Tom Dula was a North Carolina boy who had a great disregard for two things: the seventh commandment (you know, the one about adultery) and consequences. He had a long term affair with a woman named Ann Foster, and later, with her cousins, Laura and Pauline.
However, after Laura got pregnant by Dula, and – as he believed – infected him with syphilis (it appears that it may have actually been Pauline he caught that from), Tom decided to end his relationship with Laura. It remains unclear who actually killed Laura – it may have been Tom, Ann or Pauline – but it was Tom who was convicted and sent to the gallows for the crime.
Oddly, not the Platonic Ideal of the philosopher (although in fairness, he would have been the first to point that out), Plato is one of the trio of great Greek philosophers who helped to define Western Philosophy and Science for millennia. The other two were his mentor, Socrates, and his student, Aristotle (who was himself the teacher of Alexander the Great).
Plato was born in Athens (although the exact date is unknown – the one I have used here is traditional, but not necessarily correct) to a wealthy family, and given the best education money could buy. Even as a child, he was known for his quick mind. As a younger man, he traveled widely in search of knowledge, and returned to Athens at the age of forty to found the Academy, an institution that would last for nine centuries and train many philosophers, scientists and others from all over the ancient world.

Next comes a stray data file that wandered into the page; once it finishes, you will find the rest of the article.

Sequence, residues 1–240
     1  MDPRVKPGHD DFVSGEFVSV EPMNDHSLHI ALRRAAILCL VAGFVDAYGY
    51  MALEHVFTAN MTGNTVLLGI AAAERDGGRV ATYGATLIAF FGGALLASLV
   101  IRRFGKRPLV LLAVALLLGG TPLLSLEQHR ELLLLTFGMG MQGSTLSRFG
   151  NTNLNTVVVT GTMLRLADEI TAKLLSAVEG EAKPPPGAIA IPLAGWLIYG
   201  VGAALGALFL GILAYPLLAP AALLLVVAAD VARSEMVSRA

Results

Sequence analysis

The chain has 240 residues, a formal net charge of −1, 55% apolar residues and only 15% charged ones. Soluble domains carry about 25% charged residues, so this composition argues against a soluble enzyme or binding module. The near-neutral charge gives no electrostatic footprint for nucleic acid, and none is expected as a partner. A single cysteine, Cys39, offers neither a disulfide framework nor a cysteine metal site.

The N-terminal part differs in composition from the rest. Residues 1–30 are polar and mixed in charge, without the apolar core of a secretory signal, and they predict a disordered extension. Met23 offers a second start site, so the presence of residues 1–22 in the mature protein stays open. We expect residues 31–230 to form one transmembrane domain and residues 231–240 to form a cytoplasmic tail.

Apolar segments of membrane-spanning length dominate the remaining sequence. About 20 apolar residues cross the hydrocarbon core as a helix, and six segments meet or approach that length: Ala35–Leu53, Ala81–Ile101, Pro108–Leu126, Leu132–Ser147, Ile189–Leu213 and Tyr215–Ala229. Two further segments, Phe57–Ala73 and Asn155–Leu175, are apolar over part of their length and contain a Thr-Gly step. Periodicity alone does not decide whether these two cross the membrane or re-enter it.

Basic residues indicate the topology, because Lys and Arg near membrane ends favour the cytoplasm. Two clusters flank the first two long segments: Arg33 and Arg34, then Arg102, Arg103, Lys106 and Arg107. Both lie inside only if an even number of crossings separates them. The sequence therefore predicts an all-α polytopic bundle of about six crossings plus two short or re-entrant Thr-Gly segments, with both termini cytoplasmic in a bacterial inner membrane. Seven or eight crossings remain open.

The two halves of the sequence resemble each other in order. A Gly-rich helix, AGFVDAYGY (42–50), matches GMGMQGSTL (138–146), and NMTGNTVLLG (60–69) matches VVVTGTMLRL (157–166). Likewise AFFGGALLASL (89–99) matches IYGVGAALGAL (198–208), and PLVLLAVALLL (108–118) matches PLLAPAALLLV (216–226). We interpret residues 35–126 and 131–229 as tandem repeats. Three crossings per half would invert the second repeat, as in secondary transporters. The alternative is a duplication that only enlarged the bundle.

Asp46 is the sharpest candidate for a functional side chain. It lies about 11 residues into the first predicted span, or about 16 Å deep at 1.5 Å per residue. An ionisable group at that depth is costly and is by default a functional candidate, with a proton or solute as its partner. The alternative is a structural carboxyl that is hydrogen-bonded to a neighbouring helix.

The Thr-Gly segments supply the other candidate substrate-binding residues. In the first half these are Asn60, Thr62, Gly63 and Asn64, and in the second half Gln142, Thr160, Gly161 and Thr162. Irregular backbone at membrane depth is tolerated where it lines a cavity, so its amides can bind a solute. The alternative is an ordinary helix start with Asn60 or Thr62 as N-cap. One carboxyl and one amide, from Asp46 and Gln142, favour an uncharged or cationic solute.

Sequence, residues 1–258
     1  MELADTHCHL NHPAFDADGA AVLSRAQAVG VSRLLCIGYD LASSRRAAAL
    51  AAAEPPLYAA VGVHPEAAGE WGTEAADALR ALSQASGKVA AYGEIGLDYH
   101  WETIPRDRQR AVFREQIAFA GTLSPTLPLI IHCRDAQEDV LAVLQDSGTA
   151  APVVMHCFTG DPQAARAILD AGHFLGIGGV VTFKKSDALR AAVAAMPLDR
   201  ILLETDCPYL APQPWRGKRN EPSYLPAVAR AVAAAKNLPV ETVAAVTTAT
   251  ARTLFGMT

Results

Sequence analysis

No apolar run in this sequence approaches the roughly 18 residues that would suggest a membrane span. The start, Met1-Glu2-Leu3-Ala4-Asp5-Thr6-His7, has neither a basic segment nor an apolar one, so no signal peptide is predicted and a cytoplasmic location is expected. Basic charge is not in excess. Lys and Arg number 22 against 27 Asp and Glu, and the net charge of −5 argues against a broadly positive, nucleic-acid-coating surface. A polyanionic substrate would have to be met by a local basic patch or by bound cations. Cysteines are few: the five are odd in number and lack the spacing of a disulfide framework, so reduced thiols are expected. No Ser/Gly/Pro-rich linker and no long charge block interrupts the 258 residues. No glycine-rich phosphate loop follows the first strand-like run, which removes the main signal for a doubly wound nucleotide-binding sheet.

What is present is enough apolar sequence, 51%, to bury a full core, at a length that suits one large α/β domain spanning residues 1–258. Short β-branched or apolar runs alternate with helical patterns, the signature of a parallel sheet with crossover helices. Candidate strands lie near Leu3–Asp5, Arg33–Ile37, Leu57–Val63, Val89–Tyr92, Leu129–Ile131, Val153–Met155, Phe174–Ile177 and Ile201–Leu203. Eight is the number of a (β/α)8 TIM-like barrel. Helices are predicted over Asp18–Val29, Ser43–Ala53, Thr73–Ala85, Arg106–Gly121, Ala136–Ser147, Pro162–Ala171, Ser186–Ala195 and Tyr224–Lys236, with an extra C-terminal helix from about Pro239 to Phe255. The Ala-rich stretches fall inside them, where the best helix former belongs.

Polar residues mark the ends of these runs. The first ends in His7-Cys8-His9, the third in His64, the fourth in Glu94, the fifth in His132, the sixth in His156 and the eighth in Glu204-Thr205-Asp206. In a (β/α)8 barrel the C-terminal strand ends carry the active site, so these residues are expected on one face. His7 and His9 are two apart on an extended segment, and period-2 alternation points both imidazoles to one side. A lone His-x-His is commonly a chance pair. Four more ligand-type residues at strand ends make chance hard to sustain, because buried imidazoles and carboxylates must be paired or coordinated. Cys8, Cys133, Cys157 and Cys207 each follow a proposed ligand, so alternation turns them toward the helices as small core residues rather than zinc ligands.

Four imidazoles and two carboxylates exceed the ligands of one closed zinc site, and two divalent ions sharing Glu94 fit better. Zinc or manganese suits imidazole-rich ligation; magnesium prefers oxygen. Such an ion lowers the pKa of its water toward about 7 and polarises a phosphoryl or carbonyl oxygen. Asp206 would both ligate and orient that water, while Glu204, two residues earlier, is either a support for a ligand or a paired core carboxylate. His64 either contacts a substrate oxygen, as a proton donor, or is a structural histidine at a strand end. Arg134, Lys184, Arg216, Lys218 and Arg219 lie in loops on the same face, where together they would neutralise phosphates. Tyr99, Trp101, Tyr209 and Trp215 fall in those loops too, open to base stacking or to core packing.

He also left behind a considerable body of writing that helped to define the parameters of philosophy and science until virtually the Renaissance. He also wrote on politics, art and religion. Often, his writings were in the form of Socratic Dialogues, in which Socrates would be the one who espoused the ideas that were actually Plato’s.
His first recorded appearance was on this day in 1828, on the streets of Nuremberg, Germany. He would barely talk; when a cobbler named Weickmann took the boy to the house of Captain von Wessenig, to whom a letter carried by Hauser was addressed, his only utterances were “I want to be a cavalryman, as my father was,” and “Horse! Horse!” Further attempts to get him to communicate brought forth only crying, or the obstinate proclamation of “Don’t know” from Hauser.
The only identification he carried was the letter to von Wessenig, the captain of the 4th squadron of the 6th cavalry regiment. It was dated “From the Bavarian border / The place is not named / 1828”. The anonymous author said that the boy was given into his custody, as an infant, on the 7th October 1812, and that he had instructed him in reading, writing, and the Christian religion but had never let him “take a single step out of my house”. The letter stated that the boy would now like to be a cavalryman; and that therefore, the captain should take him in or hang him. There was another short letter enclosed, purporting to be from his mother to his prior caretaker, but later discovered to have been written by the same hand as the other one. It stated that he was born on April 30, 1812, and that his father, a cavalryman of the 6th regiment, was dead.
Hauser later became more communicative, but the puzzle of his origin was never solved, and his death, in 1833, was scarcely less mysterious.